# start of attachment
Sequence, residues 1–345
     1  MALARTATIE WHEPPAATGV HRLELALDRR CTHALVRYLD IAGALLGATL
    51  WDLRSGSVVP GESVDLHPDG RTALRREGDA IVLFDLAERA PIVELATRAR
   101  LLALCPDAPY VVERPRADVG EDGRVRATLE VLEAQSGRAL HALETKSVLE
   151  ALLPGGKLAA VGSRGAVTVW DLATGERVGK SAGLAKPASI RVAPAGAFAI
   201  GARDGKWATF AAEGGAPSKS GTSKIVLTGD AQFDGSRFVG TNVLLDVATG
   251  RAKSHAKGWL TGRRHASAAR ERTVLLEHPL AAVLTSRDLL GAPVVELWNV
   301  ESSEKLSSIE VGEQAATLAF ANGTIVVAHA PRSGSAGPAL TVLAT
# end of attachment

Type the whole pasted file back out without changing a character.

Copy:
Sequence, residues 1–345
     1  MALARTATIE WHEPPAATGV HRLELALDRR CTHALVRYLD IAGALLGATL
    51  WDLRSGSVVP GESVDLHPDG RTALRREGDA IVLFDLAERA PIVELATRAR
   101  LLALCPDAPY VVERPRADVG EDGRVRATLE VLEAQSGRAL HALETKSVLE
   151  ALLPGGKLAA VGSRGAVTVW DLATGERVGK SAGLAKPASI RVAPAGAFAI
   201  GARDGKWATF AAEGGAPSKS GTSKIVLTGD AQFDGSRFVG TNVLLDVATG
   251  RAKSHAKGWL TGRRHASAAR ERTVLLEHPL AAVLTSRDLL GAPVVELWNV
   301  ESSEKLSSIE VGEQAATLAF ANGTIVVAHA PRSGSAGPAL TVLAT